The lack of stringent environmental standards and regulations have made extractive projects in South-East Asia increasingly vulnerable to protracted local opposition. Separately, the labour rights situation in the region’s key mining and manufacturing hubs has precipitously deteriorated amid the pandemic, wiping out decades of socio-economic gains. Countries that have posted better-than-expected economic recovery in the past year – such as Indonesia (set to play a dominant role in the upstream and midstream sectors of the EV battery supply chain) and Malaysia (a key player in downstream battery pack assembly activities) – have shown limited signs of improvement in addressing domestic labour and human rights issues in their industrial sectors. In particular, child labour appears to be worsening across the region in most of the important commodity hubs.
Policy measures to address ESG risks more broadly are unlikely to be a priority for South-East Asian governments, with major countries such as Indonesia, Thailand, Malaysia, and the Philippines holding elections in the next two years. Leaders will instead prioritise political survival. Making it more likely they will reach for familiar tools, including easing legal protections and corporate governance standards for domestic crony capitalists and financial backers of their electoral campaigns. Meanwhile, growing ESG-driven pressures from global investors and international stakeholders will increase scrutiny on the ethical mining and production of nickel, aluminium, and copper in the South-East Asian region. Changes in administration could also see regulatory upheavals.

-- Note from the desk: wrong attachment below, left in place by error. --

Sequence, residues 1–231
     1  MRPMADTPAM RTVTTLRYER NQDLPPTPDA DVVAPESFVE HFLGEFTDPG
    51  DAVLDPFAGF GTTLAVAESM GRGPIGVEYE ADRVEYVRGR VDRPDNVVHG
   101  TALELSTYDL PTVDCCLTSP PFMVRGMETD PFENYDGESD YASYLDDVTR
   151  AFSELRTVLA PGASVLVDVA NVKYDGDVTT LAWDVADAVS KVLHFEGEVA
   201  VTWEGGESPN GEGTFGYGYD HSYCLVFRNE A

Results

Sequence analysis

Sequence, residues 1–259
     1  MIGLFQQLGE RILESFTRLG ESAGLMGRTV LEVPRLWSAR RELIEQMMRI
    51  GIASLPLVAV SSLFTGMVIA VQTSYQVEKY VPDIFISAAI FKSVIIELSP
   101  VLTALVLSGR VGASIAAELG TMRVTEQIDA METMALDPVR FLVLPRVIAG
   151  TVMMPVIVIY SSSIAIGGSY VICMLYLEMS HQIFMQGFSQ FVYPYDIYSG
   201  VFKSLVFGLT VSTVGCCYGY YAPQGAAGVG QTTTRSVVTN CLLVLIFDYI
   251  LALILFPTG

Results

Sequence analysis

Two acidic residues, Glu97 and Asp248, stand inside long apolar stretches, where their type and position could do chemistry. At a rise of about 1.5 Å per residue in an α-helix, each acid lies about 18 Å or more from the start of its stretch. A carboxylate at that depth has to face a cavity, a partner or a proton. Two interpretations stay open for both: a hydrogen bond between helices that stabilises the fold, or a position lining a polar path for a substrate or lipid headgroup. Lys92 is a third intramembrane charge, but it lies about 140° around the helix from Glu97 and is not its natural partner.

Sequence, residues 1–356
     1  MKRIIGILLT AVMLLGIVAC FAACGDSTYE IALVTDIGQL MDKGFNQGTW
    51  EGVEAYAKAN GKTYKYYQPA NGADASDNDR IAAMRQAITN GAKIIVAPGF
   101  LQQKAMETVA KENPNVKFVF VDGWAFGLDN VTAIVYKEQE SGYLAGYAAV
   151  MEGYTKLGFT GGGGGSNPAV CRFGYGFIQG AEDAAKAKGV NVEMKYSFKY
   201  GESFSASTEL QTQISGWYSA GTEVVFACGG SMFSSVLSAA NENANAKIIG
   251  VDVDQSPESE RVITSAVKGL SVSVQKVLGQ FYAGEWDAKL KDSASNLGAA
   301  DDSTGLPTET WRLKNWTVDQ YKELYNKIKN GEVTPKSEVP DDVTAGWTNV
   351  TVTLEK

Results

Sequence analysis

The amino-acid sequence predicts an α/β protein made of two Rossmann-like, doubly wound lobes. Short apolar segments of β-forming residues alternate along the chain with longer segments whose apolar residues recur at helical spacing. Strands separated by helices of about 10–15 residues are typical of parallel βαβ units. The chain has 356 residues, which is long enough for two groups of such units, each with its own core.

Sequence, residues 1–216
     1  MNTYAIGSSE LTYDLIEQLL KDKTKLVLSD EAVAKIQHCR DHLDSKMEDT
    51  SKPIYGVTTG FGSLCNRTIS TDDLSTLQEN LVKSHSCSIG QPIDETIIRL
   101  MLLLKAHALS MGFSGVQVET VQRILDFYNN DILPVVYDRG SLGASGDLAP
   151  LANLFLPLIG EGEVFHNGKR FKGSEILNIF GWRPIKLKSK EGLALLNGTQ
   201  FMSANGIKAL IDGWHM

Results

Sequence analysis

The unequal pace of international ESG regulations, focussed on greater transparency for commodity production and the region’s ability to respond to these demands, will increase compliance costs for international industry operators. It will also heighten their exposure to legal challenges and regulatory penalties addressing child labour, human rights violations, and supply chain issues. This also means that the trend for heavier regulation on commodity derivatives transactions (in the form of enhanced disclosures and certifications) is expected to continue in the coming years.
Combined with the region’s highly fragmented supply chain, these issues will exacerbate supply disruptions for critical raw materials, putting upward pressure on commodity prices. Additionally, the ongoing curbs on energy consumption in China’s carbon-intensive sectors such as aluminium and copper production and the resurgent resource nationalism in Indonesia in the form of politically motivated export controls on raw materials (especially nickel) will further disrupt minerals and metals production in the next three to five years.
Foreign companies should review their raw materials supply chain in South-East Asia for locations with elevated exposure to social risk-driven policy disruptions, which could result in supply shortages or volatility in commodity markets.
Separately, the region’s extractive operations will face disruptions due to tighter energy supplies, and high prices triggered by the Ukraine conflict. Most countries in Asia will continue to rely on coal to tide over periodic power disruptions. Although these measures could help prevent widespread power outages and loss of industrial productivity, they will slow down the pace of transition-related reforms in the power sector and exacerbate structural vulnerabilities in the countries’ energy mix. Separately, coal supply will remain vulnerable to extreme weather events in India and parts of North-East Asia.